Never mind name dropping, after a few moments with comedian, writer and raconteur Barry Cryer you feel you’ve been crushed by a celebrity steamroller. In a nice way.
I’m warned in advance that my face-to-face interview with Barry is going to be short. He’s about to go on stage at the Gulbenkian Theatre at the University of Kent in Canterbury and the PR has told me he can spare 10 minutes, tops, after he’s appeared on the local TV news. The live broadcast overruns and I feel even more pressure on my interview time, but press on regardless.
As he relaxes in the front row of the empty theatre to chat about his long showbusiness career, Barry is charming and easy to talk to. He’s dressed immaculately – crisp pink shirt with blue, gold and red tie, grey trousers held up by scarlet braces, his trademark heavy-rimmed glasses and crimped white hair completing the distinguished look.
I ask if he’s been to the Gulbenkian before.
Looking around the auditorium, he says in his instantly recognisable Yorkshire accent: “It’s bigger than I remember, but it was quite a long time ago.” I soon realise I’m not going to get a serious answer to any of my quick-fire questions. Barry is a joker in the old-fashioned sense of the word. No subject is off-limits for comedy, as he proves in the show.
So why is he here in Canterbury?
“I’m giving the Linda Smith memorial lecture, although it’s really more a series of anecdotes about her and other brilliant women comedians I’ve known and worked with,” he says and begins to trot out the first in a series of celebrity names that drop easily from his lips.
About Linda: “The evening honours her, of course. She was a mate and a trailblazer for women comedians. I appeared with her on the News Quiz and several other shows and it was always a great laugh.”
Jo Brand: “The first time I saw her I said ‘your material is filthy’. She looked at me in that straight way she has and said ‘I’m a woman, Barry. I have to be noticed.’ And it was true. These pioneer women comics had to do something different to get themselves known.”
Victoria Wood: “What talent! She was a one-off. She honed every word and was very strict with her actors, wouldn’t let them change anything. And you realised when you saw it performed that she was absolutely right, it was all perfect. What a tragedy that we lost her.”
Caroline Aherne: “Another one gone too soon. What comic timing she had.”
- Barry aims to get a parrot joke into every stand-up performance.
- Of his childhood: “I was brought up in Leeds and I remember my dad coming home covered in coal dust and washing in a tin bath in front of the fire… I don’t know why. He was an accountant …”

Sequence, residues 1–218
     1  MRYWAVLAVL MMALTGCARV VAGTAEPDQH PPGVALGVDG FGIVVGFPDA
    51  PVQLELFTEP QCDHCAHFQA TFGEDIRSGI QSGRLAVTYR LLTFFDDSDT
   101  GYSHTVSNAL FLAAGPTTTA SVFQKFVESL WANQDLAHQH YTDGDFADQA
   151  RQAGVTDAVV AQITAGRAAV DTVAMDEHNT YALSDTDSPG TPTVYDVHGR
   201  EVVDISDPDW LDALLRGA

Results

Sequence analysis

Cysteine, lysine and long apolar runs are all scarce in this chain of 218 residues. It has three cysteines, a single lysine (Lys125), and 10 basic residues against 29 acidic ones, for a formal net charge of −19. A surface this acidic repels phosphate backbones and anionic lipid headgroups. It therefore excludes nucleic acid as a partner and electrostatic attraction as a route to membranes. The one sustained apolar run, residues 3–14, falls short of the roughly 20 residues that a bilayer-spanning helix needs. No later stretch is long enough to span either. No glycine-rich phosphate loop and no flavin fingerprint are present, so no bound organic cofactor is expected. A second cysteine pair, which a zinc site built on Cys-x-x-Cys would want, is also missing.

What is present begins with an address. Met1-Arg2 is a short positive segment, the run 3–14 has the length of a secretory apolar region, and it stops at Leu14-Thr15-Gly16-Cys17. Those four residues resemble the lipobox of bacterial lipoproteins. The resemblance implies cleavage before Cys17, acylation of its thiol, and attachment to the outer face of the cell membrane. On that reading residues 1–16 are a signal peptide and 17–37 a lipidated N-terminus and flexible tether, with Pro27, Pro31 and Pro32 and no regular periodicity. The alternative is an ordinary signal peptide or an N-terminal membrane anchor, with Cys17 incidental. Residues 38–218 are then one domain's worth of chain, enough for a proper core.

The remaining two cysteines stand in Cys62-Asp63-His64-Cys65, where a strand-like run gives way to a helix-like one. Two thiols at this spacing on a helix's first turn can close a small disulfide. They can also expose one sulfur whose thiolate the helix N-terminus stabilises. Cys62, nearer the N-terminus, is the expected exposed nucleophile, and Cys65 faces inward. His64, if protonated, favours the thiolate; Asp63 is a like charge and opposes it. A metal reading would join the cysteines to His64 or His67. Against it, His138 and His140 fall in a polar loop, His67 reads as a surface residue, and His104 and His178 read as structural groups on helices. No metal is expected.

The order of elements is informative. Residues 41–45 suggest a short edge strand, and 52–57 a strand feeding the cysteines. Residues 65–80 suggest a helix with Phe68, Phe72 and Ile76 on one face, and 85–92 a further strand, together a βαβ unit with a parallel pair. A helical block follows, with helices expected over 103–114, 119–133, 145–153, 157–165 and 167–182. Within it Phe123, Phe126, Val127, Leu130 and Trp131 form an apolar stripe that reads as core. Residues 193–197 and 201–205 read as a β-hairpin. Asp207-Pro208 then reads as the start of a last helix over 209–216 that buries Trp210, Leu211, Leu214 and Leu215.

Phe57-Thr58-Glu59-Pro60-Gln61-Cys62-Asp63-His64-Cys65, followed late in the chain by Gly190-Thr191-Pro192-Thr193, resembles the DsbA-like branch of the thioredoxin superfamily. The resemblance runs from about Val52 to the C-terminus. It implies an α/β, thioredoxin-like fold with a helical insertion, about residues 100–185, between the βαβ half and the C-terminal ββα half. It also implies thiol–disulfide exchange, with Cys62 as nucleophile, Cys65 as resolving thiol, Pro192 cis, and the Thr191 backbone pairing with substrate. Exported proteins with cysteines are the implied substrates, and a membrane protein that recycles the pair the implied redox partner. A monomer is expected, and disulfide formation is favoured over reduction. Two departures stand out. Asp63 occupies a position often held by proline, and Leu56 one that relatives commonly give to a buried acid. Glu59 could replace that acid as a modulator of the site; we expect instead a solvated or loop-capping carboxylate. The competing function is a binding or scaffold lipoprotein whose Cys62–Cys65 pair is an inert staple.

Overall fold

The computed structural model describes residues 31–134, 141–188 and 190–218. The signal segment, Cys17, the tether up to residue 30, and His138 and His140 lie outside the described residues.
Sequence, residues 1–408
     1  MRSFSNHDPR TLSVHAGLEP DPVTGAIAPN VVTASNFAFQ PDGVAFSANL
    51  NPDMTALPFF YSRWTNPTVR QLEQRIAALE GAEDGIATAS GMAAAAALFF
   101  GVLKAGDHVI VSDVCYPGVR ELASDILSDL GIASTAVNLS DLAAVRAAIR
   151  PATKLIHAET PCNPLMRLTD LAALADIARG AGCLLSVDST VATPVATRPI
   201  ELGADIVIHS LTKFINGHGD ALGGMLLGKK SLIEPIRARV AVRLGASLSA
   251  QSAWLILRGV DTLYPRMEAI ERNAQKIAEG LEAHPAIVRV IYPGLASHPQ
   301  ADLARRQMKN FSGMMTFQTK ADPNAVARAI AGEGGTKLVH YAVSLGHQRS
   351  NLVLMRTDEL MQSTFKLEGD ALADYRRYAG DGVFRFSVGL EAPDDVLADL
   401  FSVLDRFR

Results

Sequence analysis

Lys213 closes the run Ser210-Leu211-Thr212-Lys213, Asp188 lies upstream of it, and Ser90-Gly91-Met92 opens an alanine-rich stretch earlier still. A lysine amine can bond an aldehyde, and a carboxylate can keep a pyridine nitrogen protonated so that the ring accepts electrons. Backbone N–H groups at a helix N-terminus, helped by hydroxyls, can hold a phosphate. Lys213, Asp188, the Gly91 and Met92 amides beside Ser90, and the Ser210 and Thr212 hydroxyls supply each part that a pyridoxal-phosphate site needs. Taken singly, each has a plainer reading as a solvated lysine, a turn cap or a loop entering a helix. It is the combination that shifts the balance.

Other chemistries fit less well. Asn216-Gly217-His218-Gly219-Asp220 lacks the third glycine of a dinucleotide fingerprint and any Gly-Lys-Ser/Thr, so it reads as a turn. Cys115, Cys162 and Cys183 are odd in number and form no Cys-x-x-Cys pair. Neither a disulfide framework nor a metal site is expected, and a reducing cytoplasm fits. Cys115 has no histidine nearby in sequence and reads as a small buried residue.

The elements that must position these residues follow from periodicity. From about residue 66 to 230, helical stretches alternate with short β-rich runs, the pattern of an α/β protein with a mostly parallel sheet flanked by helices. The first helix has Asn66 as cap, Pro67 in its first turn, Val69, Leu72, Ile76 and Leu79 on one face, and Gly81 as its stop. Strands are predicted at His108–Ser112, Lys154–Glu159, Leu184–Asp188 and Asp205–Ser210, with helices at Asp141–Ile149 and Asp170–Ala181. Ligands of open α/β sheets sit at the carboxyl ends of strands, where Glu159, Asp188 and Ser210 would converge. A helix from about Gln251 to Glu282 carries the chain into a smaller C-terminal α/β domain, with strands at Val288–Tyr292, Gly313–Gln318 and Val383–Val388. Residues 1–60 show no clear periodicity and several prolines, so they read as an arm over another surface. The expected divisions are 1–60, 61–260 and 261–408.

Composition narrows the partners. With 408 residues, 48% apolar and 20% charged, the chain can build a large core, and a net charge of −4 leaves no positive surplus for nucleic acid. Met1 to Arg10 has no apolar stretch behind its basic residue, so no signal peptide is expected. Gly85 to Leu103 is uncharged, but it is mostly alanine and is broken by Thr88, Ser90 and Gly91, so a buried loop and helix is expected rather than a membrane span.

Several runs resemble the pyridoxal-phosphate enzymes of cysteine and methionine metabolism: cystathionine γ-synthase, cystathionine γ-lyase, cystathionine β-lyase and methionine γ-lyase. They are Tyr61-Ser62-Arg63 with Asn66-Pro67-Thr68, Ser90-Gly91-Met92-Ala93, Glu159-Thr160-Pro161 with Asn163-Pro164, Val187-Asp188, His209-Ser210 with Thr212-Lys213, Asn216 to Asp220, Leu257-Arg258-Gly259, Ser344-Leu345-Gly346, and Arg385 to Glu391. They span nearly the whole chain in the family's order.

- On Bob Hope: “By the time I worked with him, he was rather a sad figure, who realised the younger generation didn’t appreciate him”
- On name-dropping celebrities: “Catch them, someone!” he calls to the audience, then sings a song called “Name drops keep falling on my head”, to the tune made famous by Sacha Distel
- He is a favourite team member of the anarchic radio quiz “I’m sorry I haven’t a clue” and describes his appearances on the show as “sheer joy”
It’s not just British women performers that Barry remembers working with: “Phyllis Diller [the American actress and stand-up comedian]. She was so smart off stage, then appeared in the show with her hair all standing on end and her outfit twisted. I asked what went wrong and she told me ‘I’m a woman performer, I have to do something to be noticed.’ Joan Rivers – what an on-stage personality, rude and cutting. Off stage, she was charming. It was all an act.”
By now, my head is beginning to spin at the sheer brilliance of Barry’s long memory for the stars of stage and TV, but he’s on a roll. “When acts like French and Saunders came along, I realised ‘here’s talent, here’s something different’. There really weren’t many women doing stand-up or comedy acts when I first started in the business, although there had been in the music hall days, of course. Look at Marie Lloyd [1870-1922] or Gladys Morgan [a Welsh woman known as the Queen of Comedy 1898-1983].”
The list of names Barry has written for, or worked with, in his almost 60-year career is astounding. In no particular order they include Danny La Rue, David Frost, Marty Feldman, Ronnie Corbett, Graham Chapman of the Monty Python team, Morecombe and Wise, Dick Emery, Stanley Baxter, Frankie Howerd, Billy Connelly and Jasper Carrot.
In his early days, he also wrote jokes for Bob Hope, Jack Benny and Phil Silvers, the internationally famous American stand-up comedians of the 1940s, 50s and 60s. He was a close friend of lugubrious British comic actor Tony Hancock.
Our time is rapidly coming to an end and I feel the PR’s eyes on me to call a halt to the interview. Thinking of the number of huge stars and comedy writers Barry has worked with and who have now gone to appear on the great variety stage in the sky, I pose the question: “Do you sometimes feel you’re the last man standing?”
Quick as a flash, he answers: “I’ve got a season ticket for funerals and memorial services,” but he is serious for a moment as he shares his excitement at working on the Edinburgh Fringe, despite being old enough at 83 to be the grandfather of some of the acts. This year’s show, with Ronnie Golden, is called “Historical Objects” and runs from 13 to 14 August.
“I love it. It’s great to be around young people and to see new talent coming up. Fantastic!”
With that, the interview is over. Barry gives me a peck on the cheek and thanks me for coming, then elaborately miming taking a puff from a cigarette, he says he’s “just going to get some air” before the show.
“Give ’em up, Barry”, I call cheekily, which he answers with a smile “stop nagging”… and disappears outside.
Picture: Matt Wilson/University of Kent